However, environmental factors like strong winds, iceberg motions, and ocean currents can disrupt this process. As a result, the surface waters can mix, destroying the fresh, buoyant layer and mixing the phytoplankton deeper and away from the light.
For that reason, not all polynyas can support life. Polynyas with turbulent, high mixing, and low light environments are not ideal for flourishing ecosystems. Instead, polynyas with calm, intense mixing, more light, and high growth conditions are perfect.
Kinds of Polynyas
Aside from their nourishing factors, the process of its formation leads to two different kinds of polynyas. The classification depends on the “mechanism of ice removal,” says NSIDC.
Here are the two kinds of polynyas:
The polynyas that you often see in the middle of a vast sheet of sea ice are sensible-heat polynyas. These are open-water polynyas, which result when water above freezing goes up to the surface. Instead of continuing into ice formation, the warm surface water melts any new ice, preventing the hole from closing up.
These kinds of polynyas are coastal polynyas. Latent-heat polynyas appear when matter (ice) changes form but not due to temperature, but a change of state instead. Winds blowing persistently strong enough in one direction push the ice away from a barrier, which can be the coast, a glacier, or newly-formed sea ice. Any new ice sheets that appear on the surface are moved leeward or towards the direction that the wind is blowing, hence stopping the formation of new ice.
Simply put, open-water polynyas form from temperature interference. Meanwhile, coastal polynyas are from the changing of state due to matter.
Global Warming and Polynyas
The polynya scientists discovered in the Arctic on May 14, 2020, rapidly closed by May 26. However, its very existence offers a notable and horrifying concern about how much our warming world is changing the Arctic and Antarctic regions completely.
The disappearance of the Arctic’s last ice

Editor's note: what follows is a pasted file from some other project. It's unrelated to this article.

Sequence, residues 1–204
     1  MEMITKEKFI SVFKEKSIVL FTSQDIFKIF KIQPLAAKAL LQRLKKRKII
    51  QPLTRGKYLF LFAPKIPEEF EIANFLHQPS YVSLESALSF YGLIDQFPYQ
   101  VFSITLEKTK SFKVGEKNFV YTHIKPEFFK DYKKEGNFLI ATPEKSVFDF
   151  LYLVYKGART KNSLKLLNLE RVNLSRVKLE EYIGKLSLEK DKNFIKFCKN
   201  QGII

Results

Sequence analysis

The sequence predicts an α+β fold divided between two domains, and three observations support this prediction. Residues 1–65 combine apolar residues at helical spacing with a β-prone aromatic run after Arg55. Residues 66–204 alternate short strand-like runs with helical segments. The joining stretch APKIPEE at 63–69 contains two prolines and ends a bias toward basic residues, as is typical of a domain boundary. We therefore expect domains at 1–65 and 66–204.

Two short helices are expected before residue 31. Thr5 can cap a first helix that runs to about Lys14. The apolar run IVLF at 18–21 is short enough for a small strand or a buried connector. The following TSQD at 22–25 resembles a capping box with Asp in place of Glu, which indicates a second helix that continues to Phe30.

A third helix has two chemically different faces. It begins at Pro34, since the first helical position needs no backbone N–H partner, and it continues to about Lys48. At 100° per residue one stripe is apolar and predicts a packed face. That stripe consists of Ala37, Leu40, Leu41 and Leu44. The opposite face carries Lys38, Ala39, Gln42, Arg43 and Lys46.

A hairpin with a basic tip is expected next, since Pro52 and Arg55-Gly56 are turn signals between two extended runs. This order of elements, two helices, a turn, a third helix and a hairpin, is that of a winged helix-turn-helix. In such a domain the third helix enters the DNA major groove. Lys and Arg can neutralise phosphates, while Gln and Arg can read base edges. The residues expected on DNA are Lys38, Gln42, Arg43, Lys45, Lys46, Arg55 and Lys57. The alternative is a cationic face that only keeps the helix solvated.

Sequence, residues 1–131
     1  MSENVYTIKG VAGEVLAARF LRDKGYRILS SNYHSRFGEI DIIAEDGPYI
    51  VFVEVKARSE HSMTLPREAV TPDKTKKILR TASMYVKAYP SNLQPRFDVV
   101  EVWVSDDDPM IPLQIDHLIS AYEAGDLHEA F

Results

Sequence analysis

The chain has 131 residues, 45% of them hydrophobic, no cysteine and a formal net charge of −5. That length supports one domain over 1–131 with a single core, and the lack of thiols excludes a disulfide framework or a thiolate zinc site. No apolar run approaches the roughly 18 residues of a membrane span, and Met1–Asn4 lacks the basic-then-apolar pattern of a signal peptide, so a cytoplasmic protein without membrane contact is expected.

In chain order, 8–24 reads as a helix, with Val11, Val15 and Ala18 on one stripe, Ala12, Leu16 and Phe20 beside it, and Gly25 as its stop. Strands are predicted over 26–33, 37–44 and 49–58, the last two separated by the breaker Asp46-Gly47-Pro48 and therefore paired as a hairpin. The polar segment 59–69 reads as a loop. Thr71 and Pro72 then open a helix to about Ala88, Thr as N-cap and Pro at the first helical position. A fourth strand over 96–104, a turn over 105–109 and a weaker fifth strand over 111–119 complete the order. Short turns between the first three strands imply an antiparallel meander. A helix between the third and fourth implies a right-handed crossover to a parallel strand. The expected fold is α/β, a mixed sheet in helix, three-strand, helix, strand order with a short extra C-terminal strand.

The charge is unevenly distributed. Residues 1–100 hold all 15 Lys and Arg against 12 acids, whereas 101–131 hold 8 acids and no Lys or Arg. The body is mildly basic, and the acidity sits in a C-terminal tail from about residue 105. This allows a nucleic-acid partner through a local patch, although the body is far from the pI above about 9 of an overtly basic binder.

This polynya was discovered off the coast of Ellesmere Island, which has a block of 5-year-old sea ice. But, “North of Ellesmere Island, it's hard to move the ice around or melt it just because it's thick, and there's quite a bit of it,” said study lead author Kent Moore, an Arctic researcher at the University of Toronto-Mississauga in a press release.
Meaning, polynyas are scarce in that region, and the formation of a big hole like that means the ice has been thinning since 1988 and 2004 due to the rapid warming in northern latitudes.
The problem is, this is the Arctic’s last ice. At this rate, researchers predict that it may melt each summer completely. It is a bad sign for life in and out of the polynyas because as the open-water area grows more extensive, Moore says, “species like walruses and seabirds lose access to it, and eventually it gets so warm that species can’t survive.”
With the warming climate in the Arctic, ice melts, and sea levels rise. But aside from that, it also brings climate change to the world.
One example would be the severe winter weather in the northern hemisphere. Climate change increases the likelihood of winds from the north pole stretching down, causing extreme cold weather events in the United States (like the Texas cold wave), more snowfall in Siberia, and unexpected colder weather in Asia.
Because of human-caused global warming and over-tilling lands for agriculture, heat blobs are forming in the nordic and Arctic seas, thinning the sea ice and soon forming more polynyas.
Marco Tedesco, a glacier expert at Columbia University and NASA scientist, said in The Guardian, “The action is clear – we need to get to net-zero emissions, but also we need to protect exposed populations along the coast. This is going to be a huge problem for our coastal cities.”
At this rate, polynyas will turn into black holes of the Arctic and Antarctic region instead of being an oasis. And as they get bigger and as more sea ice melts, it will change ocean currents, disrupt marine ecosystems, and threaten low-lying coastal cities by flooding—changing the world as we know it.
Following a more sustainable lifestyle and going green can be a big help in lessening your carbon footprint. We at Wave Tribe offer eco-friendly gear made of sustainable, natural and recycled materials for your surfing needs. We created a durable eco leash out of recycled ocean trash, and we use hemp fiber for our surf bags.